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Defence minister: New US administration confirms correctness of Hungarian security policy thinking

Defence minister: New US administration confirms correctness of Hungarian security policy thinking

“The goals of the new government of the United States confirm the correctness of Hungarian security policy thinking, it became apparent at the 53rd Munich Security Conference (MSC)”, Minister of Defence István Simicskó highlighted on Sunday with regard to the meeting in the Bavarian capital in a telephone statement to Hungarian news agency MTI.

The lecture by U.S. Vice President Mike Pence and the speech by Secretary of Defence James Mattis confirmed the fact that “we view the world correctly, are interpreting the dangers correctly and have an accurate idea of the required solutions”, the Minister of Defence said after taking part in the Conference.

“The U.S. and Hungary also have very similar views with regard to reinforcing NATO and the fight against radical Islamism”, Mr Simicskó pointed out, highlighting the fact that more effective action against the Islamic State terrorist organisation can be expected in the new future.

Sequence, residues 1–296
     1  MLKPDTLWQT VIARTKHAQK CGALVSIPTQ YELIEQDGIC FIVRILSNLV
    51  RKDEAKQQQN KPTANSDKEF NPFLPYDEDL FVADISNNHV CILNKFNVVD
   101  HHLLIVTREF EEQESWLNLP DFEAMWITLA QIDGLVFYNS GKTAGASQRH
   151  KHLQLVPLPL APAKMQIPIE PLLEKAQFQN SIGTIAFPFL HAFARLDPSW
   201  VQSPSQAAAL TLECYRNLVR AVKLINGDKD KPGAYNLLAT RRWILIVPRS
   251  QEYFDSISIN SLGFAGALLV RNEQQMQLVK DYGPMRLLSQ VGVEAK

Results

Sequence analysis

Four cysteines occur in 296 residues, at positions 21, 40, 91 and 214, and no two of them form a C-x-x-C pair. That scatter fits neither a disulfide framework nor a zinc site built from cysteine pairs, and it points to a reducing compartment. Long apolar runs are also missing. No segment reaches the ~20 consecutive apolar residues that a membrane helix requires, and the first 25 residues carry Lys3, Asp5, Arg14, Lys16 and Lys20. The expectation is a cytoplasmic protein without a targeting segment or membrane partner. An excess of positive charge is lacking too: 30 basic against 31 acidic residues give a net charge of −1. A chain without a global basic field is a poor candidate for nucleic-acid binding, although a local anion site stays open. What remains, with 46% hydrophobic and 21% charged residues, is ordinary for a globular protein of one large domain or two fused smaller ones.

“This increases the risk of new waves of refugees, and accordingly Europe and NATO must take on a greater military role in crisis zones to ensure the safety of European citizens and to enable people in the affected regions to remain at home and maintain an existence on site through peacekeeping”, the Minister said in his telephone statement.

Mr Simicskó stressed that this is also something in which Hungarian and U.S. standpoints coincide, and therefore the Munich Security Conference represents a “positive experience” for the Hungarian Government.

With relation to the fact that in her speech at the conference on Saturday German Chancellor Angela Merkel called for the reinforcement of Europe’s defence capabilities, the Hungarian Defence Minister said, “this also confirms the correctness of Hungary’s security policies”.

“Hungary was the first to make a stand in favour of developing Europe’s joint defence capabilities and Prime Minister Viktor Orbán was the first to state that Europe needs a joint army. Our European partners will probably never admit that Hungary was a frontrunner in this issue, but they have ‘delicately set out’ in the direction indicated by the administration in Budapest”, Mr Simicskó said.

Source: Kormany.hu/MTI

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